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Obama: An Intimate Portrait


Obama: An Intimate Portrait

This isn’t fair. For sanity’s sake, you try not to think about this guy. For sanity’s sake, if you’re like everybody I know and pretty much everybody you know, you throw yourself into personal pursuits, counting down the days to 2020 like a prisoner marking the days on a wall calendar.

And now there’s a book with 319 photos of Barack Obama, culled from millions of images taken from before you heard of him to the final day of his presidency.

If you’re one of the 1.5 million people who follow the Instagram account of Pete Souza, who was Obama’s official photographer, you’ve seen some of these photos.

"Obama gave Souza advice about culling a few hundred images from the millions he took. Another president might say, 'Make me look good.' Obama said, 'Sometimes you’ve got to choose the aesthetic over the narrative.'"

If you don’t follow Pete Souza, you’re now likely to see these pictures often, for this is a book that friends will give to people who are nostalgic for a President with a solid marriage, role-model children, and an ability to write and speak and console and inspire --- you know: do the job. It will be a gift that snarky citizens will give --- anonymously --- to Hannity-watching relatives impatient for their tax cut. And it will be a gift that many will buy for themselves, like an artifact to be saved for their grandchildren, so they’ll know that, once, America had leaders who weren’t defective. [To buy OBAMA: AN INTIMATE PORTRAIT from Amazon, click here. For the Kindle edition, click here.]

When Souza met Obama in 2005, he was working for the Chicago Tribune and Obama wasn’t a name to conjure with. Obama ignored him: “All the while, it was as if he didn’t even notice there was this photographer with him, capturing those moments throughout the day.” By the time he got to the White House, Obama was a master of the photographic moment. David Remnick has noted, “Obama has learned what works for him in pictures: a broad, toothy smile. A millisecond after the flash, the sash releases, the smile drops, a curtain falling.”

Here’s a portfolio of Souza’s pictures.

Of course there’s the photo of the little boy who wanted to feel Obama’s hair. “Jacob [the son of a White House staffer] in his shy voice said, ‘My friends tell me that my hair is just like yours.’ And at that moment President Obama bent over and Jacob touched his head. The president said, ‘Go ahead and touch it.’ And I snapped that one picture. I see two things in that picture. One is, here’s this African-American kid who is touching the head of the president of the United States, who looks like him. And I think a lot of young African-American kids probably could identify with that moment. But it also says something about President Obama that at the behest of this innocent question from this kid, that he was fine bending over to let this kid touch his head.”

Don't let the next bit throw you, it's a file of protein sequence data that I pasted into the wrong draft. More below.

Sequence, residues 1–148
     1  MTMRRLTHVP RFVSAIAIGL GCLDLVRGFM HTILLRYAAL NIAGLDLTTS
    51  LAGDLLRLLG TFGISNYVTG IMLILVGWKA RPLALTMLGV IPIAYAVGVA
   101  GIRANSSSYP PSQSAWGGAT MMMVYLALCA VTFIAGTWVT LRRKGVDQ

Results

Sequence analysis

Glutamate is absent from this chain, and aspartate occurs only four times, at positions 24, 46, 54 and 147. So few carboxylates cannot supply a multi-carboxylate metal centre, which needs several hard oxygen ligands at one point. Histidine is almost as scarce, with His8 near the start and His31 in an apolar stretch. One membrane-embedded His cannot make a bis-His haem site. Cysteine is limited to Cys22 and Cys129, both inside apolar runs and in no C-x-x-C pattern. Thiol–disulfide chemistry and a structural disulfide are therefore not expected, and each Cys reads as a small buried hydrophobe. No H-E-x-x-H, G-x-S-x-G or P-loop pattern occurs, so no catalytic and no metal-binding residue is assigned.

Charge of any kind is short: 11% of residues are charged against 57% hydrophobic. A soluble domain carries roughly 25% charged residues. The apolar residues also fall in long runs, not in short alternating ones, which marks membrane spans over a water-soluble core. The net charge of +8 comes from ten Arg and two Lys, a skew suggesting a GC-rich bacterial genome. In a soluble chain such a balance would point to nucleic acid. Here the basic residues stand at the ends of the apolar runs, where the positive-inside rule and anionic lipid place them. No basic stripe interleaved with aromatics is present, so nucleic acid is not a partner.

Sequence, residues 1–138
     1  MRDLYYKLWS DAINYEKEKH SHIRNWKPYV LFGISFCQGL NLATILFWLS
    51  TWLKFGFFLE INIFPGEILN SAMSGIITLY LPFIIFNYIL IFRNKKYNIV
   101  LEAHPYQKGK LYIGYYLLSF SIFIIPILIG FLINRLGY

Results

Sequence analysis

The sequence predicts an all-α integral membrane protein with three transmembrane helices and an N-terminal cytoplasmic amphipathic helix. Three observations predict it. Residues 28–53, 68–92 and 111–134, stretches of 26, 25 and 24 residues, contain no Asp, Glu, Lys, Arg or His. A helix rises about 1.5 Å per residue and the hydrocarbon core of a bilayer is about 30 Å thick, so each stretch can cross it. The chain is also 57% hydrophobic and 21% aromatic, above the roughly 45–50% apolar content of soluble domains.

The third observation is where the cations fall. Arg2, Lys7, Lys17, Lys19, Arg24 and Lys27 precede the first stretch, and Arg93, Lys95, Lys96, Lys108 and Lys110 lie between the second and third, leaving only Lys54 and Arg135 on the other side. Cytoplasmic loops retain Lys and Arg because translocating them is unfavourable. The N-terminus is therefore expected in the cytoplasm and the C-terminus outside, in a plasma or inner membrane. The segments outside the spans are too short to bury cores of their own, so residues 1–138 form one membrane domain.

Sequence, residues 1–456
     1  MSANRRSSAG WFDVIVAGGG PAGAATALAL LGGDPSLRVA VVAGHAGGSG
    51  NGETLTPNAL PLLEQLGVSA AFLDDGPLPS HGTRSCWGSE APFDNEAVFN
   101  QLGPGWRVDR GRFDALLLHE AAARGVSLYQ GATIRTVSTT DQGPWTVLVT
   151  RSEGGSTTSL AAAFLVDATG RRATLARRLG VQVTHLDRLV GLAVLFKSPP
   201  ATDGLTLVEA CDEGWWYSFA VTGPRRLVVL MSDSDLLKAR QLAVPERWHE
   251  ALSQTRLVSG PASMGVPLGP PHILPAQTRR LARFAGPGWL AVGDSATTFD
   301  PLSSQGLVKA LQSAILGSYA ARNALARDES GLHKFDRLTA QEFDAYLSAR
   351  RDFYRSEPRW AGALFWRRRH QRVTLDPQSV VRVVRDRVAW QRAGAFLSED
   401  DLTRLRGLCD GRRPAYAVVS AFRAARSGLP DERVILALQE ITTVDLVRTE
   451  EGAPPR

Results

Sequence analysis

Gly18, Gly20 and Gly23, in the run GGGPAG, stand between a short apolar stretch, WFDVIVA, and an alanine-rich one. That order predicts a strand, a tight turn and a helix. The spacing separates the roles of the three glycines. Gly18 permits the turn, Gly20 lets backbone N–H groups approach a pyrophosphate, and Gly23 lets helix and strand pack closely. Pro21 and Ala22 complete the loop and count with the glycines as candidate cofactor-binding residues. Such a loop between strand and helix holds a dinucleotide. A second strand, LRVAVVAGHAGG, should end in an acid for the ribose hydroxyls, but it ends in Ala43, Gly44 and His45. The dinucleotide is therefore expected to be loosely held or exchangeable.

And Obama speaking to soldiers.

And working as he’s riding to an airport.

To get early morning shots, Souza sometimes slept in his office. That’s how he got a picture of Obama playing with his daughters in the snow. For his photo of Obama leaving the Oval Office for the last time, he got a ladder, “so I could get up high, high angle, and with a very wide angle lens try to show as much of the Oval Office as possible as he’s walking out the door.”

The picture of Obama and his national-security staff watching the bin Laden raid required C.I.A. clearance: “We showed it to the deputy director, Mike Morell. And we’re like, ‘Is this document on the table classified?’ He said, ‘Yes.’ I thought about it for two seconds and said, ‘Can we declassify it?’ He said, ‘No.’ So I said, ‘What if we pixelize it?’ He said, ‘I’d be O.K. with that.’ So that’s what we did…on Adobe Photoshop.”

Of course Obama gave Souza advice about culling a few hundred images from the millions he took. Another president might say, “Make me look good.” Obama said, “Sometimes you’ve got to choose the aesthetic over the narrative.”

Yeah. It’s not fair.

Reviewed by Jesse Kornbluth for on November 17, 2017

Obama: An Intimate Portrait
by Pete Souza

  • Publication Date: November 7, 2017
  • Genres: History, Nonfiction, Photography
  • Hardcover: 352 pages
  • Publisher: Little, Brown and Company
  • ISBN-10: 0316512583
  • ISBN-13: 9780316512589